I often listen to Ted Talks in the car while driving. It is a great way to feed and stimulate my mind as I travel back and forth to various locations. Recently, I had the opportunity to listen to Margaret Heffernan’s talk, “Dare to Disagree.” Her presentation resonated deeply within me.
Here are some highlights (but PLEASE do yourself a favour and make sure to watch the entire presentation… it’s only 13 minutes long!)
“(For constructive conflict) we have to resist the neurobiological drive which means that we really prefer people mostly like ourselves.”
“The truth won’t set us free — until we develop the skills and the habit and the talent and the moral courage to use it.”
“If we aren’t going to be afraid of conflict, we have to see it as thinking.”
“So how do organizations think? Well, for the most part, they don’t. And that isn’t because they don’t want to, it’s really because they can’t. And they can’t because the people inside of them are too afraid of conflict.”
“In surveys of European and American executives, fully 85% of them acknowledged that they had issues or concerns at work that they were afraid to raise. Afraid of the conflict that that would provoke, afraid to get embroiled in arguments that they did not know how to manage, and felt that they were bound to lose. Eighty-five percent is a really big number.”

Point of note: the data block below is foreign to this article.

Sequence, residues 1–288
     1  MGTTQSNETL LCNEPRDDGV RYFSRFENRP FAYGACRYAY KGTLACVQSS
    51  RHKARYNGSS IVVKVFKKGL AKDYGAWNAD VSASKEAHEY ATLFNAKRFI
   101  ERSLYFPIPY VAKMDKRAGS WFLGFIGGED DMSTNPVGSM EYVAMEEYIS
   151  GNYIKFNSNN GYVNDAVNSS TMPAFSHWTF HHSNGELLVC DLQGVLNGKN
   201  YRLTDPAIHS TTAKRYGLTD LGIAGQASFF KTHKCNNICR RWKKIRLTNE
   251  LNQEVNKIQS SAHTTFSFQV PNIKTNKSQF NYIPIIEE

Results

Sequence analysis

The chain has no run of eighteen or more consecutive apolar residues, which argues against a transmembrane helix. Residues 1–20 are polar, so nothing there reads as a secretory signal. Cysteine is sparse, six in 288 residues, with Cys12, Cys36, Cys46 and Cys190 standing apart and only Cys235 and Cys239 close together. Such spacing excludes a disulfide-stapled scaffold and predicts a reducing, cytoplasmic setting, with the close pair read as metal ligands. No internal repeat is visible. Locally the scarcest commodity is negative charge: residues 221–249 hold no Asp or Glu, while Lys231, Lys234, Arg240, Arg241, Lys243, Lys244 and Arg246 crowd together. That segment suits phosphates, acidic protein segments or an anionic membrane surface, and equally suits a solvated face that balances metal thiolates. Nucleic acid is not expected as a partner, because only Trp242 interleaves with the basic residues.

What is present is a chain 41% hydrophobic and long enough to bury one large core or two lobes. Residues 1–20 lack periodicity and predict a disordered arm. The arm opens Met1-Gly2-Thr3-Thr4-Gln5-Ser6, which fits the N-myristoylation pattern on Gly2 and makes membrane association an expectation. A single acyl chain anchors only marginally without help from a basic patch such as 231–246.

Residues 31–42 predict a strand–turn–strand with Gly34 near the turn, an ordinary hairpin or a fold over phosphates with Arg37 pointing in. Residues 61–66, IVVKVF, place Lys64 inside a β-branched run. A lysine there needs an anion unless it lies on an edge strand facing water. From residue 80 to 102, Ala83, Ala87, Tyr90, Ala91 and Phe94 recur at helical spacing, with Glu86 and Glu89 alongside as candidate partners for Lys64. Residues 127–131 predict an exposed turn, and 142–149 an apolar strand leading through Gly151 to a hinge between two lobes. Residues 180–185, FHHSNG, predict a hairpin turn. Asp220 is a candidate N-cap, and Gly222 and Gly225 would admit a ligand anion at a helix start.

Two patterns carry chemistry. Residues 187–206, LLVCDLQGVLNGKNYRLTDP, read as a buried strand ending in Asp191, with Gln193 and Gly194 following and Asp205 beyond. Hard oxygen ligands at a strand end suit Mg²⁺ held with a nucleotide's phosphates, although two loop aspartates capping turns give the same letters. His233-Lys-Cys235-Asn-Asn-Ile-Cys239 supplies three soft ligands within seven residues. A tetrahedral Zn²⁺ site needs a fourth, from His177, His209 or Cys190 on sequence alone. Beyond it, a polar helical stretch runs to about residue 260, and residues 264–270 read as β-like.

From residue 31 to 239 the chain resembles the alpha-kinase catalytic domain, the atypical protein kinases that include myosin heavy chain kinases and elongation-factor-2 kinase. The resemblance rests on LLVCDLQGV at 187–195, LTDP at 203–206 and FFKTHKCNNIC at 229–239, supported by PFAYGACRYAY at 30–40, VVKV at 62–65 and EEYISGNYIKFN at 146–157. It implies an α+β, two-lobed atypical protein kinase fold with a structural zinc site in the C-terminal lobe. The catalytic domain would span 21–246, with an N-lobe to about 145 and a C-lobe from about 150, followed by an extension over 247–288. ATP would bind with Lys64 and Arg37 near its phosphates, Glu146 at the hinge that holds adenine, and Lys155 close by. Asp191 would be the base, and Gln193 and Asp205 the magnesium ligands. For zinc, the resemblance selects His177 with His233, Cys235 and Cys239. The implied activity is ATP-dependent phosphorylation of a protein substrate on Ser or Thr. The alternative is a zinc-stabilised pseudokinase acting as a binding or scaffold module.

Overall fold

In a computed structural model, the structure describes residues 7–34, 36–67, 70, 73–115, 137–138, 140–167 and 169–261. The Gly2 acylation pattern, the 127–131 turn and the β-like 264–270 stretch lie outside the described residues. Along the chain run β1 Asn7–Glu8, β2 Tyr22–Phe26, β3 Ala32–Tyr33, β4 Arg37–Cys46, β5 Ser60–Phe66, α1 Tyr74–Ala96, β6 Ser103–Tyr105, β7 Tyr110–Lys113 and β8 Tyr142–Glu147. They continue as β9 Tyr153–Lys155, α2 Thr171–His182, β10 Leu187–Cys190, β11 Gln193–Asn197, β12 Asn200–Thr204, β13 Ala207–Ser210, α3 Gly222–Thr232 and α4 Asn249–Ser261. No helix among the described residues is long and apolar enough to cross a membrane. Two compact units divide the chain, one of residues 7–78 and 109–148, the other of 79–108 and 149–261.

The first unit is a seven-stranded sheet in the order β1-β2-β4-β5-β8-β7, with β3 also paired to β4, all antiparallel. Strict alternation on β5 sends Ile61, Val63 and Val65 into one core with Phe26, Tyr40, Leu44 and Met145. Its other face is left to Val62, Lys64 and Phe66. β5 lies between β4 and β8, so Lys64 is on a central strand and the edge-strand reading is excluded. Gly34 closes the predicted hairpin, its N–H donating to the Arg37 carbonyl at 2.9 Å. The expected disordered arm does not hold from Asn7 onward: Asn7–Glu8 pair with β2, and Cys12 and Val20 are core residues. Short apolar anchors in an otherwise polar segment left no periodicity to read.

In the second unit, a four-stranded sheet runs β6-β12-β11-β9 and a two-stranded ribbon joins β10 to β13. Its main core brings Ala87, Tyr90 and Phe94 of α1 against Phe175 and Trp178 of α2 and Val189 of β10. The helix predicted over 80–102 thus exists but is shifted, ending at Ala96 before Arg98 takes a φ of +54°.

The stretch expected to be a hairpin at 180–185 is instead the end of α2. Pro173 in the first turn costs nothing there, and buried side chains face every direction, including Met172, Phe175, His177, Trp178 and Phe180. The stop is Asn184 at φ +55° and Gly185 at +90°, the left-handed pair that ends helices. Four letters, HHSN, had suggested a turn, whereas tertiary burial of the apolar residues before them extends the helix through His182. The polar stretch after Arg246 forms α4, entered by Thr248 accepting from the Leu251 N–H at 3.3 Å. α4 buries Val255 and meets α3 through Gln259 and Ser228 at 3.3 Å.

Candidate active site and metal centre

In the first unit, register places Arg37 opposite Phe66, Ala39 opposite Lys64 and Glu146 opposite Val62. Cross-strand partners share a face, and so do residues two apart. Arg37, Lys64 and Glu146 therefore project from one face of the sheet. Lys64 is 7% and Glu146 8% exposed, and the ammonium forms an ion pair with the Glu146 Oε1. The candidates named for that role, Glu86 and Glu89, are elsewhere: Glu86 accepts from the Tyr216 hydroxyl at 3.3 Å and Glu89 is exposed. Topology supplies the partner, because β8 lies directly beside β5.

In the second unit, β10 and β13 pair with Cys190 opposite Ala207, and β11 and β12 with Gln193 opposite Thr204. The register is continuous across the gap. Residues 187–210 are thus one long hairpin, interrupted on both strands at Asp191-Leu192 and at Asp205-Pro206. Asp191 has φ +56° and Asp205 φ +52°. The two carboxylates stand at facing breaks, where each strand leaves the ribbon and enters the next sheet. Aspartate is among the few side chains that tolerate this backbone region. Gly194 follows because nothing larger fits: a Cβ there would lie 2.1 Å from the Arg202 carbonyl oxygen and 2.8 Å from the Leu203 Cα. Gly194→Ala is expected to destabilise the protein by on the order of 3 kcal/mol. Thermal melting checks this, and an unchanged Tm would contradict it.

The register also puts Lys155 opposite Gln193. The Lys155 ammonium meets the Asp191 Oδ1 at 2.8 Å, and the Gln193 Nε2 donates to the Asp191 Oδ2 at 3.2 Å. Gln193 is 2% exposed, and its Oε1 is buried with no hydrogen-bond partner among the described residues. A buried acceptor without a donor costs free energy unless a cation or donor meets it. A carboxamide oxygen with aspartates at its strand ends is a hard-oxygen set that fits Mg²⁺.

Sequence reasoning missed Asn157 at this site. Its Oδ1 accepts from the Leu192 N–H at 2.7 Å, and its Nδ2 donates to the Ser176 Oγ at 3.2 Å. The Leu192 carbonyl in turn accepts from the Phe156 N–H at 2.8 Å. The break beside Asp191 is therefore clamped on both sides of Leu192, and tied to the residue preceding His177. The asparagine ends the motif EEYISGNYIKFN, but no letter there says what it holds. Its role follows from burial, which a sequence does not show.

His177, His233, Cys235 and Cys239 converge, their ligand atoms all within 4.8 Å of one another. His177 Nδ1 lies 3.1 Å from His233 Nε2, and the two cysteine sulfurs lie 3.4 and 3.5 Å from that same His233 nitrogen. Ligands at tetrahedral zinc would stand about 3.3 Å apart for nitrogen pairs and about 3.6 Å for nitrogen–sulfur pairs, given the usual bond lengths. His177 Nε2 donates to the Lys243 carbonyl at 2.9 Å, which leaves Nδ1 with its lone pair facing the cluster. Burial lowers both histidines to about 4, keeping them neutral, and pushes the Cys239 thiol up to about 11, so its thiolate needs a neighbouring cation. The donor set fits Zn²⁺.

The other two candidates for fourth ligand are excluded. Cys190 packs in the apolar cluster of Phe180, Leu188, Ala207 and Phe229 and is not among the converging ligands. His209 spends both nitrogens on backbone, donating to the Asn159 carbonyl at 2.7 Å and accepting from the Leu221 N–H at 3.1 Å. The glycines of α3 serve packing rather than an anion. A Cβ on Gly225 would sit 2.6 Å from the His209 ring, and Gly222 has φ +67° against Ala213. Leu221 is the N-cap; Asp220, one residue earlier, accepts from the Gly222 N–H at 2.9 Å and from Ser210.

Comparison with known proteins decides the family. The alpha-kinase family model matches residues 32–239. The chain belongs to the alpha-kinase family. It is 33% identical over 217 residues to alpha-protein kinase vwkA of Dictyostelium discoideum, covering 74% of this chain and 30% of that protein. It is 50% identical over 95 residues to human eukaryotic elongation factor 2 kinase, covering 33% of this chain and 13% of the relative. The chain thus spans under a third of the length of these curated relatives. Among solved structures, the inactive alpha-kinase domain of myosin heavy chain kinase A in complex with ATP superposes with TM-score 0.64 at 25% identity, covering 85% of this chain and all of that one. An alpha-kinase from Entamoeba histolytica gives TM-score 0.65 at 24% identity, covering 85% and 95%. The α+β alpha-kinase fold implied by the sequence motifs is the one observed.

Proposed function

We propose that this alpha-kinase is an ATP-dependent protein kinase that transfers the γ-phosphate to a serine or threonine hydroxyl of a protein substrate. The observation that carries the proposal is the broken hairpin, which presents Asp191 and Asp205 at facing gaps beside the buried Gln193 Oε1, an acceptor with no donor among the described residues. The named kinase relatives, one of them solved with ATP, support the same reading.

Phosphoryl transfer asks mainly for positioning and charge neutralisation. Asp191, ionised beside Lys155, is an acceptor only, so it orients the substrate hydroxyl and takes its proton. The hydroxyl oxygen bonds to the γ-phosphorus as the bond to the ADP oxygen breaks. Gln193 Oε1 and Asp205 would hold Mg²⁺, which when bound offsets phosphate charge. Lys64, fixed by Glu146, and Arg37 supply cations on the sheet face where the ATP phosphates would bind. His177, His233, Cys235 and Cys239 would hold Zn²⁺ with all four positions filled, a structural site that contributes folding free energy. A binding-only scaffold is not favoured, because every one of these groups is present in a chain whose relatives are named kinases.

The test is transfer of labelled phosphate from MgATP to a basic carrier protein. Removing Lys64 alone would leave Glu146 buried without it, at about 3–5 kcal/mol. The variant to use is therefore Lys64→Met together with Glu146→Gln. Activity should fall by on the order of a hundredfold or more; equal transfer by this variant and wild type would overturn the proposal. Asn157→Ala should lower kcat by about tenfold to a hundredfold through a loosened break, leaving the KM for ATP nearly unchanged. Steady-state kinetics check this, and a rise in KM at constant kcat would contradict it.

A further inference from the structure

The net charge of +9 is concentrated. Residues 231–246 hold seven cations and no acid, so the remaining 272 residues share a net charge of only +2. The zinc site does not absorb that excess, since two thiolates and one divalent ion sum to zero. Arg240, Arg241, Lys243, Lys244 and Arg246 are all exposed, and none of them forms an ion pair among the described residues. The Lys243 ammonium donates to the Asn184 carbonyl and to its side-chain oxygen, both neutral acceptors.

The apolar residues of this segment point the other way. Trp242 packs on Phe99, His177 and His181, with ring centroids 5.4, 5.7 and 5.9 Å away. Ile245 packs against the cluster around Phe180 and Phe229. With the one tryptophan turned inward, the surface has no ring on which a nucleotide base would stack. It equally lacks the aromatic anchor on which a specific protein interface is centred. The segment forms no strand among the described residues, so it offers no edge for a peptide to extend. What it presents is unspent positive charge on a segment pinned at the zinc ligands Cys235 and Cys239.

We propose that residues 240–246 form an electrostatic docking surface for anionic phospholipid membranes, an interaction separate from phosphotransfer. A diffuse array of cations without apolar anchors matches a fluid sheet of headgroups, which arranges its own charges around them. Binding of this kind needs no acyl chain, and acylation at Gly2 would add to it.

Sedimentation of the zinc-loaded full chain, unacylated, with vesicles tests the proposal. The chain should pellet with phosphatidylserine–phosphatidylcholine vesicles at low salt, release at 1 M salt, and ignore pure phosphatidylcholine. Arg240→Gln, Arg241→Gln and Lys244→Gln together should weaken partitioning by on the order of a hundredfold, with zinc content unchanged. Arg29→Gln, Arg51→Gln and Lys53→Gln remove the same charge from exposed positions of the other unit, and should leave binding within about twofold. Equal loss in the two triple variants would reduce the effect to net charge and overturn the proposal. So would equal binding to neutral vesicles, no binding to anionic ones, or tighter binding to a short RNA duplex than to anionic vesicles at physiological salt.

“The fact is that most of the biggest catastrophes that we’ve witnessed rarely come from information that is secret or hidden. It comes from information that is freely available and out there, but that we are willfully blind to, because we can’t handle, don’t want to handle, the conflict that it provokes. But when we dare to break that silence, or when we dare to see, and we create conflict, we enable ourselves and the people around us to do our very best thinking.”
Margaret’s talk speaks to a problem that’s well-entrenched in most of us: our unwillingness to face the truth. In a recent blog post (“Can You Handle the Truth?”), I pointed out that many leaders are afraid to measure and track the results of their organization for fear of what they may find. Let’s face it, it’s much more comfortable to live with the devil we know than the devil we don’t know.
I am convinced that it is this very refusal to “SPEAK and HEAR the truth” that is limiting growth and impact in organizations the world over. As leaders, we must take a courageous stand to surround ourselves with true thinking partners (and not echo chambers who simply tell us what we want to hear). Regardless of the type of organization you lead, creating a culture that encourages its members to “dare to disagree” will foster smarter solutions, more creative collaborations, and ground-breaking innovations. In this kind of environment, industry influencers and game-changers are more likely to emerge.
What about you? Who challenges your thinking? Who challenges the status quo? Do you have a true thinking partner?
I would love to hear your thoughts on this. Let’s have a conversation…